At a time of broken politics and polarization, the impulse to seek out reforms to the political process is understandable. California, which will hold important primary elections on Tuesday, offers a cautionary tale about how good intentions alone are not enough. Eight years ago, California voters approved a ballot initiative establishing a new open primary system. The new system called for primary contests in which all candidates from all parties would be listed on the same ballot. The top two finishers, regardless of party, would advance to the November election. Then-Gov. Arnold Schwarzenegger (R) hailed the initiative’s passage as a vehicle that would change the political complexion of the state legislature and the congressional delegation. He and other proponents claimed that it would lead to the nomination and ultimately the election of candidates who were more moderate — center-left and center-right, rather than far left and far right.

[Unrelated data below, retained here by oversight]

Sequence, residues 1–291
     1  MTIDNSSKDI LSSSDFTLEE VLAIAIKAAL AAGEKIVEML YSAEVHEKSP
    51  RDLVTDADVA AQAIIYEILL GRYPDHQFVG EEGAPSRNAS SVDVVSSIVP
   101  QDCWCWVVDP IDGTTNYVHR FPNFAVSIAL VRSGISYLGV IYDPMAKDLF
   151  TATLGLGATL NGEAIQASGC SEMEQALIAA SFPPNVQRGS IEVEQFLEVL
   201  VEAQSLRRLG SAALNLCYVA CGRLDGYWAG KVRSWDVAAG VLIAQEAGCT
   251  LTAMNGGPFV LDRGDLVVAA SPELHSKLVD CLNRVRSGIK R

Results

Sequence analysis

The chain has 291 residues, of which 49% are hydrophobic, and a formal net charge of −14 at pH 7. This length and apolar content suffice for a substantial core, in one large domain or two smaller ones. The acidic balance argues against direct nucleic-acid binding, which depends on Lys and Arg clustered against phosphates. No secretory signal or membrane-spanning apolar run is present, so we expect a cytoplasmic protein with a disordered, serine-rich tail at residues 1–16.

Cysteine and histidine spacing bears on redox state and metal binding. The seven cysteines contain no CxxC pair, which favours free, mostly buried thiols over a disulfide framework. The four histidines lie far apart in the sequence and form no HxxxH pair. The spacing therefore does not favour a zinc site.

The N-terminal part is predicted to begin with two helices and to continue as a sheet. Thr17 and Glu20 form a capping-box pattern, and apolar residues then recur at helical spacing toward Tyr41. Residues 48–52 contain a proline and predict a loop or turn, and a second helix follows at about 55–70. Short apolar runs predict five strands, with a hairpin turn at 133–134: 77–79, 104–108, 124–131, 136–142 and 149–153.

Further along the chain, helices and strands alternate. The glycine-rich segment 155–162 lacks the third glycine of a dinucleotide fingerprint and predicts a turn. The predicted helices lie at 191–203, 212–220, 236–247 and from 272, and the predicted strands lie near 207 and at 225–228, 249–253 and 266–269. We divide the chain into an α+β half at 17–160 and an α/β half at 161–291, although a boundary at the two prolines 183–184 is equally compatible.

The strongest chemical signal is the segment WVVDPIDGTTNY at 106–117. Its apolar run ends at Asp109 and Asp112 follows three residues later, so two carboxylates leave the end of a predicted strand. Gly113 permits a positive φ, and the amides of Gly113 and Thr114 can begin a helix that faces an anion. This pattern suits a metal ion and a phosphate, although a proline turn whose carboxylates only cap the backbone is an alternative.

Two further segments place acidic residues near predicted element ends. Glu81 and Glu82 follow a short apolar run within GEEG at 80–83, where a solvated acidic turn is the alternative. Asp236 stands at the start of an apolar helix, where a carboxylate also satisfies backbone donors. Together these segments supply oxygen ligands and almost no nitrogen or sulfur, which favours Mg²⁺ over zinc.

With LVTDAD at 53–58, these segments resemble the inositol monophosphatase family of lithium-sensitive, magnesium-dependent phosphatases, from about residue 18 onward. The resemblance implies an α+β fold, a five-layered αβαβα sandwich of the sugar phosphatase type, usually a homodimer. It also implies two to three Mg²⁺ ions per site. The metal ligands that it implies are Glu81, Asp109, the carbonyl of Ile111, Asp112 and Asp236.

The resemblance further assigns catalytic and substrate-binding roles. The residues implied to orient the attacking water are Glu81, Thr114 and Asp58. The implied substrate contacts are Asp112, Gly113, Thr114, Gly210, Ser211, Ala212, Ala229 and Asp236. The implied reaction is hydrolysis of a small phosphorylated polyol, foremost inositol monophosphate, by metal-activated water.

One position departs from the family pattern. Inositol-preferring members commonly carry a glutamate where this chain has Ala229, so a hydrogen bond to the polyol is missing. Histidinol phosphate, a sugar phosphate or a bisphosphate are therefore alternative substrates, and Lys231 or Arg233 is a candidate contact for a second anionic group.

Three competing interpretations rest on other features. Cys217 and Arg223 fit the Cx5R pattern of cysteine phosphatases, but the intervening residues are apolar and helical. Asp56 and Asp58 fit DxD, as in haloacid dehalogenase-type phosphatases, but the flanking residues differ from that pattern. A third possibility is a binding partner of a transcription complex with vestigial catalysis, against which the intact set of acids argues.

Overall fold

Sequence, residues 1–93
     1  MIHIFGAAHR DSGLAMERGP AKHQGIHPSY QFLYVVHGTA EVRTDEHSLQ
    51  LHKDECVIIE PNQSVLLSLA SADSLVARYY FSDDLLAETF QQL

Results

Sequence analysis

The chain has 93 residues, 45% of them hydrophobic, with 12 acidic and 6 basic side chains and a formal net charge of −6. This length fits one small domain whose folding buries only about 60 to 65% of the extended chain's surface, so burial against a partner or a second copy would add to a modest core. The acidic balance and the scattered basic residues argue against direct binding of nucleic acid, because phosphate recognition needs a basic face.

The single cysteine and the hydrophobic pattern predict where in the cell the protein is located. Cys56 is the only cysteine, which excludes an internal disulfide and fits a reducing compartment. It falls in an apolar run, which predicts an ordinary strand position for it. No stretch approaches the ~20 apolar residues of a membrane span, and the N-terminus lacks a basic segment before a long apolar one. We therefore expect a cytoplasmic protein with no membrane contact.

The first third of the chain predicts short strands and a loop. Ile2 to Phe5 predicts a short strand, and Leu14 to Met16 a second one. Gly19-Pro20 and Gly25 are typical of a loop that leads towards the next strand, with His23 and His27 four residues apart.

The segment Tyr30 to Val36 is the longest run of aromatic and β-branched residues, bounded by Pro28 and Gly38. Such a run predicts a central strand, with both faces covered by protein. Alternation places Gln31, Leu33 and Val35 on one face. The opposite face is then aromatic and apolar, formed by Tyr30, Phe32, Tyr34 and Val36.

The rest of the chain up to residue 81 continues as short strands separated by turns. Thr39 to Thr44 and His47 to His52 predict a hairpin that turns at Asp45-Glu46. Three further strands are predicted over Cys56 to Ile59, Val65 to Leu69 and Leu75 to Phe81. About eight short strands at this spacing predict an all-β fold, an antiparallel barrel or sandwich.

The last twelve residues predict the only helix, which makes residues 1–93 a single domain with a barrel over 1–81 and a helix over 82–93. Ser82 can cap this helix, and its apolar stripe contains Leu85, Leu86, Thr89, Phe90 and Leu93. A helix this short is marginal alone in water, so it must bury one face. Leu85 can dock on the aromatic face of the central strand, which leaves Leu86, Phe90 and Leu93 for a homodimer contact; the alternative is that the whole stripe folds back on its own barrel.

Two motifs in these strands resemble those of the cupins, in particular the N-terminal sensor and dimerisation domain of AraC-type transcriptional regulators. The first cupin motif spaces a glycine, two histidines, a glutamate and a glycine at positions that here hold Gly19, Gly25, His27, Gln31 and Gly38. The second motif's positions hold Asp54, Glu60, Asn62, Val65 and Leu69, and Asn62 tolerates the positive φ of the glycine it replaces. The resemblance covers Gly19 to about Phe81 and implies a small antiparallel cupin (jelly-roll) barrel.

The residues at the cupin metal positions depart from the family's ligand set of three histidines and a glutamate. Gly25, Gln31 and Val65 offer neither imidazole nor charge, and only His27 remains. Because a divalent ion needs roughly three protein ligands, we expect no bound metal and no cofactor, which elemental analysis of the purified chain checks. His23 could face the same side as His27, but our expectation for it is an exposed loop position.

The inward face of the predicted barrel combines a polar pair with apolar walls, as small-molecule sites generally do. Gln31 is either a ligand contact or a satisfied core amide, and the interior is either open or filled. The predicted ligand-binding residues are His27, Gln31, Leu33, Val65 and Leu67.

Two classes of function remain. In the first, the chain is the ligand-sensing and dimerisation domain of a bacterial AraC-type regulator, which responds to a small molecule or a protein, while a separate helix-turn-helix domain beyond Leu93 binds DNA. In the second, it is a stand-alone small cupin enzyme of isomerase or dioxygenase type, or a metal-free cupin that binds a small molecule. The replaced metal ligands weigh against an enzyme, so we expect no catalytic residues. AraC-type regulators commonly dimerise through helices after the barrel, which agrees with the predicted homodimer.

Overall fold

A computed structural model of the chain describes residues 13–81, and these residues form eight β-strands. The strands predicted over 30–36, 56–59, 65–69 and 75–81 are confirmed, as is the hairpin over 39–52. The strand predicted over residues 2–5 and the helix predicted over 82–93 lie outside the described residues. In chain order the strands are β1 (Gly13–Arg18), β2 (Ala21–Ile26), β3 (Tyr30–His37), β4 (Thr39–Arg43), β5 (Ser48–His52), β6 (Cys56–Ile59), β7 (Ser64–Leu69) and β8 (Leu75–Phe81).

“We in California have said we’ve got to come to the center, we’ve got to bring everyone together in order to solve problems,” Schwarzenegger said at the time. “And I think the rest of the nation eventually will find out this is exactly where the action is.”
The action Schwarzenegger envisioned hasn’t come to pass. Instead, the reforms have produced action of a different sort. Days ahead of Tuesday’s big round of primaries, the unintended consequences — though not necessarily unforeseen possibilities — of the open primary system are roiling the state’s politics. The system’s promises, meanwhile, remain mostly unfulfilled.
Most of the hand-wringing today is among Democrats. Their worries are a byproduct of their good fortune — the energy and enthusiasm that exists at the grass roots. Given Democratic opposition to President Trump, which is particularly strong in California, and the number of Republican-held seats that are competitive, this year’s elections have drawn bigger-than-normal fields of candidates.